Dē Coniūrātiōne Catilīnae 1

Omnēs hominēs, quī sēsē student praestāre cēterīs animālibus, summā ope nīti decet, nē vītam silentiō transeant velutī pecora, quae nātūra prōna atque ventrī oboedientia finxit. sed nostra omnis vīs in animō et corpore sita est: animī imperiō, corporis servitiō magis ūtimur; alterum nōbīs cum dīs, alterum cum bēluīs commūne est. quō mihi rectius vidētur ingenī quam vīrium opibus glōriam quaerere et, quoniam vīta ipsa, quā fruimur, brevis est, memoriam nostrī quam maxumē longam efficere. nam dīvitiārum et formae glōria fluxa atque fragilis est, virtūs clara aeternaque habētur.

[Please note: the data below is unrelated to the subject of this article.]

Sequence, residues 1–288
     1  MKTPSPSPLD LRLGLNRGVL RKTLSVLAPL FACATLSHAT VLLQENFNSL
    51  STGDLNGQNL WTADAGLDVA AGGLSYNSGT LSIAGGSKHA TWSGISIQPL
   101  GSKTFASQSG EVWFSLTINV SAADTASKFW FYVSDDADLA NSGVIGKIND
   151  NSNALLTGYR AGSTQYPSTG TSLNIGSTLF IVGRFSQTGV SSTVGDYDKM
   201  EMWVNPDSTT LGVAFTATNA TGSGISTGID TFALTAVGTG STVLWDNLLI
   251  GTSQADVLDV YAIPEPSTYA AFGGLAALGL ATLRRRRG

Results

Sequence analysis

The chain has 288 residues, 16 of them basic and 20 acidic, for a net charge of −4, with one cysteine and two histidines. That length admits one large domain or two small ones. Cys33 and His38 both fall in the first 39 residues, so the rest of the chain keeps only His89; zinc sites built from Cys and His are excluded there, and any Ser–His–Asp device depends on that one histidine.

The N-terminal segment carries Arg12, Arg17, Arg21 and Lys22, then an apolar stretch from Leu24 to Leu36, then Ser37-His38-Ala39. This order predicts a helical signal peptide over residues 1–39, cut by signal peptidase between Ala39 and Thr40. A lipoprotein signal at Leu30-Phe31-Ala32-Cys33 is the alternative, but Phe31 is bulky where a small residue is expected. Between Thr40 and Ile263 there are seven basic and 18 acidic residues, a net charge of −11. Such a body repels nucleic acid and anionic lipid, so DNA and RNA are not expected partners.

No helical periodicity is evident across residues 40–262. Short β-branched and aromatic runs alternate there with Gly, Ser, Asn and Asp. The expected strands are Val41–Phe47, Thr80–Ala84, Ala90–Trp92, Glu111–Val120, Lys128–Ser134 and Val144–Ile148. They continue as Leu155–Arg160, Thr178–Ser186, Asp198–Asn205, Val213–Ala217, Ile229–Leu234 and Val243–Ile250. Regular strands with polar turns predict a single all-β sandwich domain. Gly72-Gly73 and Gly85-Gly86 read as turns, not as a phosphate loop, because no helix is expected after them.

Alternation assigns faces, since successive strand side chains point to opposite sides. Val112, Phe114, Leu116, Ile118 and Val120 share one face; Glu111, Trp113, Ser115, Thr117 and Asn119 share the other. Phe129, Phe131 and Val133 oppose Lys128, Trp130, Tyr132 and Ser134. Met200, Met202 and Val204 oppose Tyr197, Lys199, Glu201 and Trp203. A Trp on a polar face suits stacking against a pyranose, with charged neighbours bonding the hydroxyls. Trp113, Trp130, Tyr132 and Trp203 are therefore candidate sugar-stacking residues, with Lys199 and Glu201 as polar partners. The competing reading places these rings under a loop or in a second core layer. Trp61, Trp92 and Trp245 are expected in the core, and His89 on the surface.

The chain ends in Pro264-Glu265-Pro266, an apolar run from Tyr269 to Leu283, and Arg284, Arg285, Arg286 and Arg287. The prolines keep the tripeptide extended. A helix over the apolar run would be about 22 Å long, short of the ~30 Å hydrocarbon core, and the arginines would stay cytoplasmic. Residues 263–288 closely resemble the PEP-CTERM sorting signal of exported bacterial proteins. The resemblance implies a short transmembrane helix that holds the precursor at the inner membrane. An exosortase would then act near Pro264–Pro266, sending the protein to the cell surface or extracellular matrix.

All those who are eager that they should stand apart from the other animals should strive with all their might not to pass their lives in silence like beasts, which nature has fashioned prostrate and subservient to their bellies. All our power is located in our body and our mind: we use our mind as leader, our body as slave. The one we share with the gods, the other with beasts. It seems to me the more justified that we should seek glory with the resources of our intellect than of our physical strength, and, since the very life which we enjoy is brief, make our fame last as long as possible. For the glory of riches and beauty is transient and fragile, but virtue is a noble and everlasting possession.

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